St. Michael’s College Senior Maggie McKeon has been on retreat at St. Anne’s Shrine 17 times and has spent her last three birthdays there. The Shrine has left a lasting impression on her life, she said. “I have grown deeper in my faith, had the opportunity to get to know other students I wouldn’t have known otherwise and build on existing relationships,” Maggie said. “I have grown so much on my faith journey while being at St. Mike’s and the Shrine definitely plays a big part.”
The Campus Ministry Director of Rice High School and St. Michael’s College students shared memories of good times at St. Anne's Shrine’s 9th Annual Spring Social at the Pomerleau Alumni Center at St. Michael’s College on May 7.
Shrine Spiritual Director Rev. Brian J. Cummings, S.S.E. gave the invocation. “Each year we host this gathering of friends and supporters of the Shrine to reflect on our ministry by listening to a variety of speakers who share their experiences of being at the Shrine,” he said. “It is truly a moving event to hear the transformation of people’s lives and how the Shrine is accomplishing its mission of serving God’s people.”
St. Michael’s College Senior Mitch McDonald said he has attended several retreats at St. Anne’s Shrine and is involved in campus ministry. He spoke with much admiration about Campus Minister Anna Lester who organizes and leads St. Michael’s College retreats at the Shrine. In his speech Mitch said, “St. Anne’s Shrine is a special place, and it’s a place where students, families, mentors, priests, Christians, and non-Christians can come together and experience something that alters their lives forever.”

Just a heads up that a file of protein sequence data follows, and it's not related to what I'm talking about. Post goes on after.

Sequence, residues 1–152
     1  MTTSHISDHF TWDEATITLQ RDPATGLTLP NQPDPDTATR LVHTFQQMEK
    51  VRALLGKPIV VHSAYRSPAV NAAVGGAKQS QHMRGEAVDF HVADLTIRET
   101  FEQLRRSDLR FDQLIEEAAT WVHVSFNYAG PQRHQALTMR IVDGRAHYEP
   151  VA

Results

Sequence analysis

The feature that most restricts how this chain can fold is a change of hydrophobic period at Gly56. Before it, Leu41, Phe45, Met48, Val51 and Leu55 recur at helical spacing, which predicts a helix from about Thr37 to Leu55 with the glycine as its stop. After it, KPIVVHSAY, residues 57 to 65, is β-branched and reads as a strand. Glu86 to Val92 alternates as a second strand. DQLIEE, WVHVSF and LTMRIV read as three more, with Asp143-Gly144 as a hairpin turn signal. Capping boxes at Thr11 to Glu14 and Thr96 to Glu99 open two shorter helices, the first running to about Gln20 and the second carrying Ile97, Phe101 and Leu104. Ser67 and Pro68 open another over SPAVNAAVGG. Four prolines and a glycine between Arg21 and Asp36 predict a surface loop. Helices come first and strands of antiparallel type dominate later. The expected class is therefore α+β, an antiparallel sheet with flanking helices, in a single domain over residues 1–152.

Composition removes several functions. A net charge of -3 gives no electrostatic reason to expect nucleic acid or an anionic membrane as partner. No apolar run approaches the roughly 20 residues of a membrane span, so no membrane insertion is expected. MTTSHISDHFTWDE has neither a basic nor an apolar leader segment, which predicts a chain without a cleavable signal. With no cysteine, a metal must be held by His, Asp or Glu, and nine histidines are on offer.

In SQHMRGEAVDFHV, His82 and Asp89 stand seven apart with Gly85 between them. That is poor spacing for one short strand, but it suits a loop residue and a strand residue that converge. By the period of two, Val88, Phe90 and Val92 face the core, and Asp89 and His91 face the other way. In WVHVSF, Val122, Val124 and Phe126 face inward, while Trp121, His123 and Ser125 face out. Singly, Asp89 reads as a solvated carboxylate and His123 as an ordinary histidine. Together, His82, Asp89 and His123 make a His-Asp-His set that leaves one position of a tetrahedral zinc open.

Mitch went on to say the annual spring social is a special way to acknowledge and thank the Edmundites for their ministry at the Shrine, donors and benefactors for providing their support, and for friends so willing to share in the experience. “There is no way to enjoy the beauty of the Shrine without all the hard work and generosity that goes on behind the scenes,” he said.
St. Anne’s Shrine, located in Isle La Motte, hosts more than 60 events annually that include private retreats for parishes and clergy, retreats for students from St. Michael’s College and the UVM Catholic Center, Twelve Step retreats, Rice High School and Diocesan Retreats as well as Marriage Encounter and Vermont Knights of Columbus gatherings.
Right now the Shrine is experiencing some extreme flooding from Lake Champlain. Please consider donating to help with cleanup and repairs. We could sure use your support!
For more information about St. Anne’s Shrine, call (802) 928-3362 or email at firstname.lastname@example.org.
What some in the congregation are calling “unpretentious service” has become an all-too familiar Edmundite charism through the work of Fr. Charles Ranges, SSE. He’s pastor at St. Pius X and Holy Family - St. Lawrence Parishes in Essex Junction, Vermont.
Holy Family - Saint Lawrence Church parishioner Patrick Niggel said Fr. Charlie baptized his two children who are now four years and one year of age. “He does a lot to humanize the role of a priest,” Patrick said. “He is so authentic and has this warmth about him. He understands and he’s genuine.”